From the administrative point of view, what is interesting is the way the whole business of the Bridgnorth debt was controlled by the wardrobe and chancery, travelling with the king, rather than, as would have been normal,  by the exchequer at Westminster.  At the end of the entry there is the statement,  provided by the editors of the fine roll,  ‘This entry is not in the originalia roll’. This means that no information about the fine and its payment was  sent to the exchequer, the originalia roll being the copy of the fine  roll despatched to the exchequer so that it knew what money to collect. As a result there is no entry for this debt on the pipe roll, the exchequer’s annual audit of  the money it was demanding for the  crown.  Instead, the only record of the existence  of the debt (apart from that on the wardrobe receipt roll) was that given here on the fine roll.   It is likewise the chancery writ, not the exchequer, which tells the sheriff that the burgesses are quit. The handling of the Bridgnorth debt was typical of many other debts at this time. Large numbers of fines between 1255 and 1257 – for  example for town liberties (as here)  and exemption from knighthood – were treated in the same way. There was no ‘constitutional’ reason for Henry bypassing the exchequer. Under its treasurer, Philip Lovel,  it was never less than under his  control.  The point was that Henry just got his money in more quickly and simply if he had such fines paid in directly to his wardrobe. Nonetheless the reformers in 1258 thought the king’s finances would be run  more responsibly if all the revenues were routed through the exchequer, a subject discussed in Richard Cassidy’s fine of the month .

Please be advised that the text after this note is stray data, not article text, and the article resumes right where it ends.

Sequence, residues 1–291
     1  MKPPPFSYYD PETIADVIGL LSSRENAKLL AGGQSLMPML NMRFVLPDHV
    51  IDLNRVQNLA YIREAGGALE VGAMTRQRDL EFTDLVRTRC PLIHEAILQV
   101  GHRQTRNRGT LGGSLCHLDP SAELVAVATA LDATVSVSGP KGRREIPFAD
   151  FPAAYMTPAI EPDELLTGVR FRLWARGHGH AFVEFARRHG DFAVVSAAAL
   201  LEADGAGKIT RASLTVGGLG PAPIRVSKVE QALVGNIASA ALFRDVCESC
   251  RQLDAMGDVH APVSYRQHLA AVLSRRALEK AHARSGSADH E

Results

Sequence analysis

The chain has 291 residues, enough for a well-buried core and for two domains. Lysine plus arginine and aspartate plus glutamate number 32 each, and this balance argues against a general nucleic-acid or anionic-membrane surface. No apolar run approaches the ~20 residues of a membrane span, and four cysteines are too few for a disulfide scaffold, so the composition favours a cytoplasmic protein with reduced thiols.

The great majority of the fines paid into the wardrobe were in gold, or were in silver earmarked to buy gold, and were thus part of Henry’s campaign to build up a gold treasure to fund his Sicilian army. Another reason for making this a wardrobe treasure was that Henry could see the gold accumulating  before his eyes.  What a joy it must have been. By the autumn of 1257, however, as we have seen in previous blogs, the enterprise was beginning  to falter. Henry was having to spend his gold treasure, minting his wonderful gold penny in order to do so. The fact that the Bridgnorth fine was not in gold, or in silver earmarked to buy gold, may reflect this situation.  Henry had not quite given up, however, and these two weeks see two more fines of gold (nos.97, 102).